Beale's Cut
Passage to the World
August, 2005 - Issue #10
Beale’s Cut today
Beale’s Cut today
Long before the sweeping overpasses of Interstate 5 and State Route 14, even before the Newhall Tunnel, which is still used as the main north-south rail artery in California, Beale's Cut was the only route into the Los Angeles Basin. Being that this area was nothing but farms scattered across the vast Santa Clara (Clarita) Valley, the few inhabitants were completely dependent upon the services and markets of the San Fernando area. Farmers had to load their wagons for a dangerous mountain trek over Fremont Pass, now Newhall Pass, in order to take their goods to market.

With the discovery of oil in Pico Canyon, the area "boomed" in population to hundreds of permanent residents. Thousands more residents followed in the oil boom in Kern County around Baker's Field. Prior to the early 1860s, the only passable route from the basin into the northern stretches of Los Angeles County and up into the Central Valley was over the San Fernando Mountains. The grade was very steep and the terrain very unstable. Rains frequently washed out the few trails. Numerous times the Los Angeles Board of Supervisors commissioned Army and private contractors to improve the road so that constant communication, mail, and supplies could be more assured. Each time the projects failed and the problems continued.

It was not until 1862 that General Edward F. Beale, then Surveyor General for California-Nevada, dug a 90-foot pass through the mountains with nothing more than picks and shovels. This marvel of engineering was finally completed on March 5, 1864 and lasted for more than 80 years without a slide or closure.

Beale’s Cut was forged manually with hard larbor and pick axes
Beale’s Cut was forged manually with hard larbor and pick axes
Edward Beale was the classic American hero. He participated in nearly every event of historical significance throughout the majority of the 19th century, from commanding a ship in the Mexican-American war, to smuggling gold through Mexico to prove its existence in California just prior to the Gold Rush of 1849. His service to California and the nation also included stints as Minister (Ambassador) to Austria-Hungary and surveyor for the transcontinental railroad. He was also owner of Tejon Ranch and the famous Decatur House in Washington DC, where he lived out his years until 1893.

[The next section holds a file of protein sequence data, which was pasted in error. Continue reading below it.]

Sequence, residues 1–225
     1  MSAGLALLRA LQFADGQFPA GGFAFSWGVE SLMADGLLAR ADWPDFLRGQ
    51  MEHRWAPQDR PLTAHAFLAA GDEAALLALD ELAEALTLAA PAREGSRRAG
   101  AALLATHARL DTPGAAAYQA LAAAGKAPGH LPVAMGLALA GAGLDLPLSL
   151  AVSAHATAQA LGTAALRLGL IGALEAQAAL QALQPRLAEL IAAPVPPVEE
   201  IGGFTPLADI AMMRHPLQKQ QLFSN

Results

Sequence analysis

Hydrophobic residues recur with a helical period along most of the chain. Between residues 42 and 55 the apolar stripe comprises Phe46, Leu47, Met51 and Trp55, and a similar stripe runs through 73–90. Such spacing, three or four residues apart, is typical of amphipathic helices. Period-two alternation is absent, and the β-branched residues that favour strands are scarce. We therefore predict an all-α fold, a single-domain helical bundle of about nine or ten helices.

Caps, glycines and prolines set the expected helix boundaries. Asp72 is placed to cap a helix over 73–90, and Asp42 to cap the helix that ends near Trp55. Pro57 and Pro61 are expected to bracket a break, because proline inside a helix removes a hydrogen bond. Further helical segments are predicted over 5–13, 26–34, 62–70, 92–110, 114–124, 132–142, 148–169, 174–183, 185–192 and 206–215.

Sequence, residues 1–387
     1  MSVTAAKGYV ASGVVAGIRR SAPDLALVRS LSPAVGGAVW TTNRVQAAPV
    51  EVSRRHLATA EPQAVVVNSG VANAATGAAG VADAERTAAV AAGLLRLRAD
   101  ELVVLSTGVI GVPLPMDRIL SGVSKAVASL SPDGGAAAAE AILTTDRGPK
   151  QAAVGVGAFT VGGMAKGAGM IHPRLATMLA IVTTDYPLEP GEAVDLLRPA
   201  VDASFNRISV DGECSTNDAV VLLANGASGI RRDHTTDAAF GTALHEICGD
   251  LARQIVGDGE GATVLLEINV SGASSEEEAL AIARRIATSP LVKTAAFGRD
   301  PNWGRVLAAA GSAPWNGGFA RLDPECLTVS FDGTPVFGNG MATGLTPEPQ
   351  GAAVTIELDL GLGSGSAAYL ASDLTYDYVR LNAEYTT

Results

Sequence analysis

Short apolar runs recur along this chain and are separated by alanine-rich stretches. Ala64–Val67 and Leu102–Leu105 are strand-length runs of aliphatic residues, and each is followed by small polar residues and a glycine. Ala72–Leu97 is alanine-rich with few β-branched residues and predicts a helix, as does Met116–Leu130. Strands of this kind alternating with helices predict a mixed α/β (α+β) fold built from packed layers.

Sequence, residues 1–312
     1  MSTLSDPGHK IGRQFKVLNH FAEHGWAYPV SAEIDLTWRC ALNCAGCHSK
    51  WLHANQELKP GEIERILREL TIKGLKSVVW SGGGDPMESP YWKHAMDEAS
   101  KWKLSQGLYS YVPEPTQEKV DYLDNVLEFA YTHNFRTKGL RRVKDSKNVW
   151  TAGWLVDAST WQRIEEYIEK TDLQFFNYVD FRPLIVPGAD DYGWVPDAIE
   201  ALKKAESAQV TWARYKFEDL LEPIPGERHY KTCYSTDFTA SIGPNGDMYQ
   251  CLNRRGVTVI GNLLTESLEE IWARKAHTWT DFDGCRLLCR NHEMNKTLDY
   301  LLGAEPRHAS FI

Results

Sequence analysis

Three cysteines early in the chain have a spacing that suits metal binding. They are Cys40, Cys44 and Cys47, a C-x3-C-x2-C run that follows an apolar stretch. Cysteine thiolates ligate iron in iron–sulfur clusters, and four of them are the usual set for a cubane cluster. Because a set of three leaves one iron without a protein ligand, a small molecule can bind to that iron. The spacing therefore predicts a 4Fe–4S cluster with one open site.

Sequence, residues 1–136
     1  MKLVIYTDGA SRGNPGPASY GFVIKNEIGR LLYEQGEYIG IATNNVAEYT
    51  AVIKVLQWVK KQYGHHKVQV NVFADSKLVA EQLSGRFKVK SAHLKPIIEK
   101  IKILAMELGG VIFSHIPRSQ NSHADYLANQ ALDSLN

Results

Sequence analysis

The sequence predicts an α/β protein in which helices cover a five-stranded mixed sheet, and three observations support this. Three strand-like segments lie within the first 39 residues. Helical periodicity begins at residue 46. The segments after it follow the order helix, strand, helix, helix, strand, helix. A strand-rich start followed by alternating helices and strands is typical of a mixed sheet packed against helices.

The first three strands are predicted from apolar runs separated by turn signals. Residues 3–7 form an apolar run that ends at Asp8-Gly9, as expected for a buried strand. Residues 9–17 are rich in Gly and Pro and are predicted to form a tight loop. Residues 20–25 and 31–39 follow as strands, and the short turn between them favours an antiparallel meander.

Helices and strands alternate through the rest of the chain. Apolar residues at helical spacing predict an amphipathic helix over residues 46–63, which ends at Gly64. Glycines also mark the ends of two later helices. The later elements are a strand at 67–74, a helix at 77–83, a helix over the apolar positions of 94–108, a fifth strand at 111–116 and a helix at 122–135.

President Andrew Jackson granted Beale admittance to the Naval School (Naval Academy) where he graduated in 1842. Following a brief command on the USS Congress in 1846, Beale had his first experience in land combat in the Mexican American War. The besieged American forces were rescued at San Pasqual, when Beale escaped through the enemy lines and brought troops from San Diego. In the following years, Beale was placed in charge of Indian Affairs in California and Nevada and later participated in a test for the United States Army using camels. (Though Beale reported they faired well as pack animals they spooked the horses and mules and the idea was abandoned.)

With the outbreak of the Civil War, Beale sought a commission in the Army but was convinced by President Lincoln to remain Surveyor General of California and keep the western half of the Union intact. It was during this time as Surveyor General that Beale commissioned and commanded the construction of the passage through the San Fernando Mountains, now called Beale's Cut. After the war, Beale owned and managed the 270,000-acre Tejon Ranch. He was proposed for the post of Secretary of the Navy but was passed over by President Cleveland. During his last years he lived at both the Ranch and the Decatur House, then one of the most elite addresses in the nation, until his death in 1893.

In more recent years, the area around Beale's Cut has been closed due to rock and mud slides. A large portion of the cut was filled-in during the 1994 Northridge Earthquake. The area is still visible from Sierra Highway, noted only by a small concrete marker, Between San Fernando Road and the State Route 14 underpass. Visitors should only observe the area from afar, taking into consideration the magnitude of the project, rather than attempting to climb into the now-dormant pass.

History is all around us. The Santa Clarita Valley is full of historical treasures and interesting stories. For more about Beale's Cut or any other facets of Santa Clarita history, visit the Santa Clarita Valley Historical Society at Heritage Junction inside of Hart Park or visit them online at
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